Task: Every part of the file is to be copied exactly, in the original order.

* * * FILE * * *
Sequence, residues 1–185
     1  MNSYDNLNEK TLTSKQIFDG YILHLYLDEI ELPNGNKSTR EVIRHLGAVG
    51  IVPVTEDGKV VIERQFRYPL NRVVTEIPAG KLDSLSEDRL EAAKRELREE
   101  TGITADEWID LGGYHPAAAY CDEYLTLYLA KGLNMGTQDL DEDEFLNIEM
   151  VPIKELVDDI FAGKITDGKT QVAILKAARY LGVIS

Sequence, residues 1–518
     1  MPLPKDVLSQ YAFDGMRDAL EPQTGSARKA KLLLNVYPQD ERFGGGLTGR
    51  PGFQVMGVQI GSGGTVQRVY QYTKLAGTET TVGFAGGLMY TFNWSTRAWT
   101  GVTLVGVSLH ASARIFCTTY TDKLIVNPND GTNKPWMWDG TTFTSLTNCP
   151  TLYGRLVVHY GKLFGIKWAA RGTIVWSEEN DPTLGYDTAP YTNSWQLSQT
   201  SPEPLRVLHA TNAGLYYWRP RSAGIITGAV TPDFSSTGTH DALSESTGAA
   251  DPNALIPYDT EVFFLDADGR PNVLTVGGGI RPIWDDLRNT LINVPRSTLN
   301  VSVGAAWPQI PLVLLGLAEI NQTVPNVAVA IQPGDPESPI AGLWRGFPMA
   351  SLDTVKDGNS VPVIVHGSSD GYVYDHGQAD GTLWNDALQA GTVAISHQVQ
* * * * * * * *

Sequence, residues 1–185
     1  MNSYDNLNEK TLTSKQIFDG YILHLYLDEI ELPNGNKSTR EVIRHLGAVG
    51  IVPVTEDGKV VIERQFRYPL NRVVTEIPAG KLDSLSEDRL EAAKRELREE
   101  TGITADEWID LGGYHPAAAY CDEYLTLYLA KGLNMGTQDL DEDEFLNIEM
   151  VPIKELVDDI FAGKITDGKT QVAILKAARY LGVIS

Sequence, residues 1–518
     1  MPLPKDVLSQ YAFDGMRDAL EPQTGSARKA KLLLNVYPQD ERFGGGLTGR
    51  PGFQVMGVQI GSGGTVQRVY QYTKLAGTET TVGFAGGLMY TFNWSTRAWT
   101  GVTLVGVSLH ASARIFCTTY TDKLIVNPND GTNKPWMWDG TTFTSLTNCP
   151  TLYGRLVVHY GKLFGIKWAA RGTIVWSEEN DPTLGYDTAP YTNSWQLSQT
   201  SPEPLRVLHA TNAGLYYWRP RSAGIITGAV TPDFSSTGTH DALSESTGAA
   251  DPNALIPYDT EVFFLDADGR PNVLTVGGGI RPIWDDLRNT LINVPRSTLN
   301  VSVGAAWPQI PLVLLGLAEI NQTVPNVAVA IQPGDPESPI AGLWRGFPMA
   351  SLDTVKDGNS VPVIVHGSSD GYVYDHGQAD GTLWNDALQA GTVAISHQVQ